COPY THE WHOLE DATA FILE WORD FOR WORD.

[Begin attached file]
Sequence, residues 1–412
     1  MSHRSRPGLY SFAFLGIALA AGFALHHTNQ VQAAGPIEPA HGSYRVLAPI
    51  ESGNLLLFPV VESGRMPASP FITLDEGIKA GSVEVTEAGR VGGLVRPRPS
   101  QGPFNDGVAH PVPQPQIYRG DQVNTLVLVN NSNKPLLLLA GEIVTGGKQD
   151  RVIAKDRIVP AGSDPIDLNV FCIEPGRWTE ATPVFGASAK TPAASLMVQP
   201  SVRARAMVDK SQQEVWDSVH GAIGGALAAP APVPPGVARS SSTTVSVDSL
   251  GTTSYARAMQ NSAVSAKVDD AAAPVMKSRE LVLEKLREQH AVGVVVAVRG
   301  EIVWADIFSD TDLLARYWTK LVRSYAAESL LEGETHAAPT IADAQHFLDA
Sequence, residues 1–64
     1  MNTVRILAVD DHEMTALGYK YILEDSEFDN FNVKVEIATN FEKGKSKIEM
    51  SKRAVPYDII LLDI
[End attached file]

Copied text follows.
Sequence, residues 1–412
     1  MSHRSRPGLY SFAFLGIALA AGFALHHTNQ VQAAGPIEPA HGSYRVLAPI
    51  ESGNLLLFPV VESGRMPASP FITLDEGIKA GSVEVTEAGR VGGLVRPRPS
   101  QGPFNDGVAH PVPQPQIYRG DQVNTLVLVN NSNKPLLLLA GEIVTGGKQD
   151  RVIAKDRIVP AGSDPIDLNV FCIEPGRWTE ATPVFGASAK TPAASLMVQP
   201  SVRARAMVDK SQQEVWDSVH GAIGGALAAP APVPPGVARS SSTTVSVDSL
   251  GTTSYARAMQ NSAVSAKVDD AAAPVMKSRE LVLEKLREQH AVGVVVAVRG
   301  EIVWADIFSD TDLLARYWTK LVRSYAAESL LEGETHAAPT IADAQHFLDA
Sequence, residues 1–64
     1  MNTVRILAVD DHEMTALGYK YILEDSEFDN FNVKVEIATN FEKGKSKIEM
    51  SKRAVPYDII LLDI